Description: Seed and nut butters range from the most common peanut butter to exotic macadamia nut and pumpkin seed butters. Seeds are the spark of life, a perfect blueprint contained in a miniature package. Seeds and nuts are sources of fats, including many essential fatty acids, and are rich in vitamin E. They also contain a wealth of other vitamins, nutrients, minerals, amino acids, and carbohydrates that, when kept intact through careful processing, can be passed on to the consumer.
Peanut butter, the most common nut butter, is actually not nut butter at all. Unlike other nuts and seeds, the peanut is a legume. Most peanuts are heavily sprayed with chemicals and grown on land that is saturated with synthetic fertilizers. Conventional peanut butter also contains hydrogenated oils, sugars, and other refined oils. In addition, peanuts are highly susceptible to a carcinogenic fungus called alflatoxin. Because this fungus does not grow in arid climates, look for organic peanut butter made from Valencia peanuts. In general, it is best to avoid peanut butter that is fresh ground at a local store, as those peanuts are highly susceptible to mold. Peanuts are also a common allergen, and can be eliminated completely in favor of other healthful nuts. In moderation, peanut butter is a healthy source of monosaturated oils and protein.
Other nut and seed butters include almond, cashew, macadamia, pumpkin seed, sesame seed (tahini), sunflower seed, hazelnut, walnut, pistachio, and blends. In particular, almond butter and cashew butter contain healthy ratios of omega 6:3 fatty acids (omega 3 is the “good” one), and walnut butter is high in omega 3 fatty acids.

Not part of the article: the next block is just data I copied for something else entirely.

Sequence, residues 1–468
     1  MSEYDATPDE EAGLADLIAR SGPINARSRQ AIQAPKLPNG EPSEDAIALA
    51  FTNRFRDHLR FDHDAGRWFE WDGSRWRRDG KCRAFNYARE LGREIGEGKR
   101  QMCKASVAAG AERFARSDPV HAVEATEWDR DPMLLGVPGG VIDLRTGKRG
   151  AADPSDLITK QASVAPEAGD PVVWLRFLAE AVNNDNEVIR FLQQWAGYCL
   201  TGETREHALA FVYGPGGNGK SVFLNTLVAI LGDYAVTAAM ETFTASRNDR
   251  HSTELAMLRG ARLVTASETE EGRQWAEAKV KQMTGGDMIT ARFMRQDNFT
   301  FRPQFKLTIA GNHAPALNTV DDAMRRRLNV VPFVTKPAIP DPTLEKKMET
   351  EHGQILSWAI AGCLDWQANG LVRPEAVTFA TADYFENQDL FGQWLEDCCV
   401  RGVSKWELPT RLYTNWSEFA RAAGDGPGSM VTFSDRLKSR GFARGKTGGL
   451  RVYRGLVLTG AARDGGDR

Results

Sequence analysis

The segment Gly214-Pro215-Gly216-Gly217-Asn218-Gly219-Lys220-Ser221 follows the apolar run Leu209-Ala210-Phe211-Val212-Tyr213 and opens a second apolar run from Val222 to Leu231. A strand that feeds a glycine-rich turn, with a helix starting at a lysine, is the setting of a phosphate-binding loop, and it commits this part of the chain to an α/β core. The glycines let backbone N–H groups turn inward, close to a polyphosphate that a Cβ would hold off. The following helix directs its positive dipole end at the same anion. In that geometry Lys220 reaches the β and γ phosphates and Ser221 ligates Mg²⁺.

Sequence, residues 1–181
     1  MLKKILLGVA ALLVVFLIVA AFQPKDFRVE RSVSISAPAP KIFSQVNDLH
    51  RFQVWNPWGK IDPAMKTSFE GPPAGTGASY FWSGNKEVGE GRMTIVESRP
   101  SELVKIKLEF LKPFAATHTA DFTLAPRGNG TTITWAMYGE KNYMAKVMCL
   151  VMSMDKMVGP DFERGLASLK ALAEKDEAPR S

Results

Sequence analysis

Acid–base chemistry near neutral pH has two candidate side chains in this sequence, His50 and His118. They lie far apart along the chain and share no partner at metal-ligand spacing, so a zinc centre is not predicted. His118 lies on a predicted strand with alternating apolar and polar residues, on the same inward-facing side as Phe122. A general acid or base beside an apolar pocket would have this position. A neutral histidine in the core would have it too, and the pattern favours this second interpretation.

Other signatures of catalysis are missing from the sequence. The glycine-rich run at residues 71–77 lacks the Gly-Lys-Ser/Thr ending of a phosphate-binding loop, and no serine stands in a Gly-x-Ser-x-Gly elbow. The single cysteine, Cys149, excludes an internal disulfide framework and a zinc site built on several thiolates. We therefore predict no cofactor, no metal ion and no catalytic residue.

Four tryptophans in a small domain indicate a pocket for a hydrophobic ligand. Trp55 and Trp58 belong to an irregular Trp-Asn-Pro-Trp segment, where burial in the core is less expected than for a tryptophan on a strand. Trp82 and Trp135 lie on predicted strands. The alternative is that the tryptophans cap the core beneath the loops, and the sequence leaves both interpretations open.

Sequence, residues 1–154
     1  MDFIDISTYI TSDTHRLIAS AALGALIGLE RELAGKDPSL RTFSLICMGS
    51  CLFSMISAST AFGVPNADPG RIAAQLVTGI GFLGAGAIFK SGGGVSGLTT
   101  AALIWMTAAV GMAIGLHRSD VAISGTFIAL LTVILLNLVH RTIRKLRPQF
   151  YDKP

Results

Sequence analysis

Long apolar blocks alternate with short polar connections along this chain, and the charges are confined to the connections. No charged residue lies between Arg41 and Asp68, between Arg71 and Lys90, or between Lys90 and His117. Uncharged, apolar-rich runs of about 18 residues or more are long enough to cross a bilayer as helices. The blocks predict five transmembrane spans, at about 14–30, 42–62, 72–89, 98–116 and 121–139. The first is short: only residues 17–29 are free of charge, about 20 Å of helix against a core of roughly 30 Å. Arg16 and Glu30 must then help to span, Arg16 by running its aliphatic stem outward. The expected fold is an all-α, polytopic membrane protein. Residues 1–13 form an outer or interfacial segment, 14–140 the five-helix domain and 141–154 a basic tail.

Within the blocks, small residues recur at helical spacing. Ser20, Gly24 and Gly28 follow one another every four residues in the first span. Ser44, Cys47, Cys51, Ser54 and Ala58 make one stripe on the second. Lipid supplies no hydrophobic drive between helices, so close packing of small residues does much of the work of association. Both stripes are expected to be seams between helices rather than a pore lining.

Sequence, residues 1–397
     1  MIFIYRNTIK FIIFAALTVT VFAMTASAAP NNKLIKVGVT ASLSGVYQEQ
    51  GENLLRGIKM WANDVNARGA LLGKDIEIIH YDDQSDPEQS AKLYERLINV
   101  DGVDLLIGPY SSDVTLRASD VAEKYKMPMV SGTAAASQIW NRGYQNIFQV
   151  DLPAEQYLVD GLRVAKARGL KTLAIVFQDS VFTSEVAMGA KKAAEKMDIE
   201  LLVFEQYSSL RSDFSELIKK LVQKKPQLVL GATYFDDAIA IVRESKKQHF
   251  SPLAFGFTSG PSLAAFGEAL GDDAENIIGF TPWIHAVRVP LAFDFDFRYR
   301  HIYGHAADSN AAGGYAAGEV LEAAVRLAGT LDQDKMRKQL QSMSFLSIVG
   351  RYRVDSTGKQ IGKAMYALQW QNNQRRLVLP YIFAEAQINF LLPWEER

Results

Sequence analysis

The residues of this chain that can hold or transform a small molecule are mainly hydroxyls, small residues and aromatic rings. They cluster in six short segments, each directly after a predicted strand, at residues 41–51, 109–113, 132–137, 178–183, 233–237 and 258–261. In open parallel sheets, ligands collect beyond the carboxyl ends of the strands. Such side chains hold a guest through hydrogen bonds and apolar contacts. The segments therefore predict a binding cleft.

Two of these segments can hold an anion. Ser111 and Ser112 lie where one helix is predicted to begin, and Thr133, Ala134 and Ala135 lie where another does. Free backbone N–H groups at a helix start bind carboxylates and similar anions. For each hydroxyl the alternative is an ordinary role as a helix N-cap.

For a real treat, consider grinding your own nut butters with fresh almonds, cashews, pistachios, walnuts, or some mixture. Buy nuts that are vacuum sealed or still in their shells to preserve freshness; nuts and seeds become rancid very quickly after being hulled or shelled. It is better not to eat nuts and seeds at all than to eat rancid ones. Nuts in the shell will keep for up to a year. Store shelled nuts and seeds in a cool, dark place, in non-plastic containers.
What to look for: Look for raw, organic nut butters produced by small independent companies. The smaller the company the higher the quality control. Nut butters ground in small batches are also more likely to be ground in slower moving grinders, which do not get as hot as grinders used by larger companies for mass production. The slower the nut butter is ground, the lower the temperature. Low-heat processing preserves valuable enzymes and nutrients and, most importantly, protects the volatile oils contained in all nuts and seeds.
The same holds true for seed butters. Special tahini (sesame seed butter) that you may not find in your local natural food store can be found in specialty stores and online. Raw is generally best, though exceptions do exist, especially in the case of toasted tahini imported from Turkey, and produced by small tribes according to the phases of the moon. Made with heirloom seeds, this is a fine and rare treat. Check Armenian and Greek markets if you have access to them for other wonderful imported tahinis. You may find yourself collecting them like fine wine. Other unusual seed butters include black sesame seed butter and raw pumpkin coconut crème, which is more a butter than raw virgin coconut oil. Online sources abound.
Uses: Nut and seed butters have a plethora of uses, from the ubiquitous nut butter and jelly sandwich to gourmet blended sauces. Throw some in your next smoothie, cream with avocado and spices for a simple spread, use as a dip for broccoli or carrots, or enjoy on crackers.
Where to find: Online, natural food stores, specialty stores.
Avoid: Inorganic nut and seed butters, especially inorganic peanut butter. Avoid peanut butter that is freshly ground locally, as it is often made with moldy peanuts.
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